Start-up Company in 1990sNearly 20 years ago, I was laid off from a local aerospace company, which had “downsized” from about 1400 State College employees to about 400 in the span of a year and a half. I counted myself relatively lucky.   I was in the last wave of the layoffs, and through the years had published numerous papers, written many proposals, and had developed a bit of a reputation in the field of multi-sensor data fusion, having given a number of 2-day seminars around the county on the topic. In anticipation of the layoff, I had created a self-comforting “plan B” file that I carried with me containing a sequence of steps I would take; a list of potential clients, potential personal cost-savings measures, and thoughts for a small start-up company. The actual layoff came as a relief. As a mid-level manager in the company, I had had the odious duty of laying off a number of long-term employees many of whom had never looked for another job since joining the company years earlier and who were unprepared for the eventuality of a layoff.

The week of the layoff, I gathered my wife and a few friends who had also been laid off, and we started a small company dedicated to technology training and consulting. We created an office in my basement and began the process of selecting and registering a company name, obtaining the services of an attorney, developing a preliminary business plan, and buying some computer equipment and peripherals to create our company “infrastructure”. Without bragging or going into details, I note that we developed and marketed a technical training product, won a Ben Franklin small business grant, bid and won phase I and phase II Small Business Innovation Research (SBIR) grants and became moderately profitable within one year. I subsequently joined The Pennsylvania State University Applied Research Laboratory, and left the company in the capable hands of my wife, oldest daughter, and founding colleagues.

During the start up period, we arranged to rent office space in State College and created a “store front”; a physical presence to host visitors and house our minimum development space needs. Despite the modest physical space and limited computer equipment, the costs strained our budget. As I reflect upon that valuable experience, it strikes me that it is both much easier and more challenging to start up a company. The easy part involves the wide availability of resources for entrepreneurship and start-ups. First, one no longer needs a physical “store front” or location. Much business is now conducted electronically via the web. One can literally work out of your living room or dorm room and create a web site using resources such as those from Weebly.com. If a physical presence is actually needed, then services such as cloud virtual office  (www.cloudvirutaloffice.com) allow you to have an impressive corporate address, custom answering service, locations for day offices, access to meeting rooms, and formal client reception.  Other services include use of local graphic design and printing services (e.g., via Kinkos or Office Max), access to extensive online materials for creating documents (e.g., www.clipart.com), availability of consulting and development support for computer programming and app development, and numerous online resources.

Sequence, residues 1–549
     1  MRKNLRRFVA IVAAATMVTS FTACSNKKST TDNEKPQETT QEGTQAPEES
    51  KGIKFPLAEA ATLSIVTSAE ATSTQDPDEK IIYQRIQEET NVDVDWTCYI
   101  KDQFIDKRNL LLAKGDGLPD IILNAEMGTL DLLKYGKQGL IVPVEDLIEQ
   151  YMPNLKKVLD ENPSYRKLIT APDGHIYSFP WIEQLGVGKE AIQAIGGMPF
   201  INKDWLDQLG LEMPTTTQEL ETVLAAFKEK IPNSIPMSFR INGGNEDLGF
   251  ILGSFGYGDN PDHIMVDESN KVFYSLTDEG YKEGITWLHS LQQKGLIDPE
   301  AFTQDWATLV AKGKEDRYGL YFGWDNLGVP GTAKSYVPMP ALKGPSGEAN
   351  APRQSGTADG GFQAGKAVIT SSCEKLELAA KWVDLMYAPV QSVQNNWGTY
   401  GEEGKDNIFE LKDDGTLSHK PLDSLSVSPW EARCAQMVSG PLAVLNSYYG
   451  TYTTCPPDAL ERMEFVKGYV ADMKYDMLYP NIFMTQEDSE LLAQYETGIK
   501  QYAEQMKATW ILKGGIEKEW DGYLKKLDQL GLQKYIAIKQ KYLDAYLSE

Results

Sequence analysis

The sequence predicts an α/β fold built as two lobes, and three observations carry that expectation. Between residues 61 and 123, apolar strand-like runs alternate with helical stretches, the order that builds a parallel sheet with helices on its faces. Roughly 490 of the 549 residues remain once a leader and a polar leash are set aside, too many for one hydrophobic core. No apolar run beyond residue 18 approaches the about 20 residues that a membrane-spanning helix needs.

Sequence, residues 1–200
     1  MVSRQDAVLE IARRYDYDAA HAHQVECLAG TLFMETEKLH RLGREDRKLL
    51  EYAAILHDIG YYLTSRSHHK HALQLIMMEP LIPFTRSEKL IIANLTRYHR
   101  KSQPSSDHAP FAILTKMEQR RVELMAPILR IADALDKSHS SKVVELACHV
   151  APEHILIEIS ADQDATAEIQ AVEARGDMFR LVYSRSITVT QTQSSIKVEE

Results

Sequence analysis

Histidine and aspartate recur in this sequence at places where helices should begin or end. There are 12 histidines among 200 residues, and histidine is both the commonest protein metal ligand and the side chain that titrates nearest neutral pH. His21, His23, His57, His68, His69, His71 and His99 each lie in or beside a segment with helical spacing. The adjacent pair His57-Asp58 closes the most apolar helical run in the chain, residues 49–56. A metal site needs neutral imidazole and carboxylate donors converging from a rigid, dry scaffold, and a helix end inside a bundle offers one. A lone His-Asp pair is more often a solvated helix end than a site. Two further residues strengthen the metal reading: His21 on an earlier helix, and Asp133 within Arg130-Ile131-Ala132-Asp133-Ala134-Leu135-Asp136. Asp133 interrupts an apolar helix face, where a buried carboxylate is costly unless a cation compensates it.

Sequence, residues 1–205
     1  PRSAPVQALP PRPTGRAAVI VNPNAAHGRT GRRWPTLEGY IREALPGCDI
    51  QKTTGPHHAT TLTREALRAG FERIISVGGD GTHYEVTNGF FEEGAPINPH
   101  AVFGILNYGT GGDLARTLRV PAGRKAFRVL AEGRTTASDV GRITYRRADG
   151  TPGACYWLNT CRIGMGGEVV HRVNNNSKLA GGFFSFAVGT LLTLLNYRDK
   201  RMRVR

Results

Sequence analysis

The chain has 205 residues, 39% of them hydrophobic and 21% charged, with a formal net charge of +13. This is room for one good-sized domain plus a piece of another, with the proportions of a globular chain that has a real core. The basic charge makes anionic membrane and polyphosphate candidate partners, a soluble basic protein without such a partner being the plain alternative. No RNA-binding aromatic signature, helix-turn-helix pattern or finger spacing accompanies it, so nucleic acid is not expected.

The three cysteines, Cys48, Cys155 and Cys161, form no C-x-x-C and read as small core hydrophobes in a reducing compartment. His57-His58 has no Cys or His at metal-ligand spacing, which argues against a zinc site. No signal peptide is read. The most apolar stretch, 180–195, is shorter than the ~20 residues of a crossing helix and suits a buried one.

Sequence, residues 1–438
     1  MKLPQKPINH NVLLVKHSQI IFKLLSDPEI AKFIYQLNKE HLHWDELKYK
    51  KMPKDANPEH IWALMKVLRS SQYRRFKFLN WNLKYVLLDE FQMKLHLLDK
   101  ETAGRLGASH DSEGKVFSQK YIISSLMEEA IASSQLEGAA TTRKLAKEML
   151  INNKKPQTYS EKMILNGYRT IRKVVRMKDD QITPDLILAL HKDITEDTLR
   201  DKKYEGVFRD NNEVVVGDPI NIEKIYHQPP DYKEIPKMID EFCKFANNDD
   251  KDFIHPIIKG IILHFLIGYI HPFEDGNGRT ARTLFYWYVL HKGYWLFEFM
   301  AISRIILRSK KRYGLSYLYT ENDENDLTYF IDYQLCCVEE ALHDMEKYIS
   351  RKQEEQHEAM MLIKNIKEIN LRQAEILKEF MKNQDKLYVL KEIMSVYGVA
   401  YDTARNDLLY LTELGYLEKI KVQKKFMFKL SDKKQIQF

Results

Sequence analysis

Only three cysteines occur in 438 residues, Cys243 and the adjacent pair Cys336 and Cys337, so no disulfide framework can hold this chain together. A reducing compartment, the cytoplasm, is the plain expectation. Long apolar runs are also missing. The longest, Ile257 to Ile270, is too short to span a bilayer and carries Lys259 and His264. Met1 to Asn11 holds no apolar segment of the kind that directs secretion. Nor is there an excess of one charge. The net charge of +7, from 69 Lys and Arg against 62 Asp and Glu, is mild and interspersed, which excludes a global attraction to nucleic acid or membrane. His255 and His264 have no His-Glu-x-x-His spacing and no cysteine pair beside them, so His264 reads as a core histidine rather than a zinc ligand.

Penn State students, alumni, faculty and staff are fortunate to have access to a wide array of resources ranging from free training, mentoring, access to technical expertise and library resources, specialized courses, access to student organizations (such as Innoblue, Nittany Entrepreneurs, SparkPlug), the ability to participate in numerous events such as our own Startup Week and access to numerous consulting and networking possibilities.   In IST we are in the process of developing a special website to make these resources easily accessible via a one-stop-shopping entrepreneurship portal.    In addition, this summer, IST will develop a special Innovation Laboratory that provides computer and software facilities to support the development of information technology ideas, concepts and products.  These will be featured in future Hall Pass entries.

Our ultimate goal is to provide our students with training, resources and connections to make entrepreneurship (and intrapreneurship) relatively easy.   More important, our goal is to inculcate an attitude of self-reliance, creativity, and “can do”.     As I learned over 20 years ago, the ultimate job security is “paying your own salary”.    This can be accomplished by many different methods; starting your own business, creating your own job and area of expertise within a larger organization, continually expanding your skills and expertise, or becoming known as “the go-to problem solver” within your organization.

The hard part is not the infrastructure or setting up the Store Front, the hard part is developing and maintaining  an attitude of self-reliance and continual vigilance.


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